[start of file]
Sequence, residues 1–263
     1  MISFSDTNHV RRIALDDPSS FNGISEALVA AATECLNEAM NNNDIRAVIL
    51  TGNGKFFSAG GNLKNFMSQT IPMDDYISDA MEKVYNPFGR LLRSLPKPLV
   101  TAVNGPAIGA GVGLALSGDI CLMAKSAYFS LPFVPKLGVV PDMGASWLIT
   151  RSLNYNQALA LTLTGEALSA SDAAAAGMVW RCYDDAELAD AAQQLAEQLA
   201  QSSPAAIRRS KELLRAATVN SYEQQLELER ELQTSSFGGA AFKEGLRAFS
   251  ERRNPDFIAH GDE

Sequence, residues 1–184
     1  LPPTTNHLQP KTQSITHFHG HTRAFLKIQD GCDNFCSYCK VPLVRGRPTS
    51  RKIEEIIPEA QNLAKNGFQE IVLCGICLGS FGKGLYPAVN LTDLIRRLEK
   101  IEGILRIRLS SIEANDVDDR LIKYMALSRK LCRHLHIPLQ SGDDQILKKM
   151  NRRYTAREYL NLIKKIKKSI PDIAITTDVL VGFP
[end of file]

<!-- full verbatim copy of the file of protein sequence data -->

Sequence, residues 1–263
     1  MISFSDTNHV RRIALDDPSS FNGISEALVA AATECLNEAM NNNDIRAVIL
    51  TGNGKFFSAG GNLKNFMSQT IPMDDYISDA MEKVYNPFGR LLRSLPKPLV
   101  TAVNGPAIGA GVGLALSGDI CLMAKSAYFS LPFVPKLGVV PDMGASWLIT
   151  RSLNYNQALA LTLTGEALSA SDAAAAGMVW RCYDDAELAD AAQQLAEQLA
   201  QSSPAAIRRS KELLRAATVN SYEQQLELER ELQTSSFGGA AFKEGLRAFS
   251  ERRNPDFIAH GDE

Sequence, residues 1–184
     1  LPPTTNHLQP KTQSITHFHG HTRAFLKIQD GCDNFCSYCK VPLVRGRPTS
    51  RKIEEIIPEA QNLAKNGFQE IVLCGICLGS FGKGLYPAVN LTDLIRRLEK
   101  IEGILRIRLS SIEANDVDDR LIKYMALSRK LCRHLHIPLQ SGDDQILKKM
   151  NRRYTAREYL NLIKKIKKSI PDIAITTDVL VGFP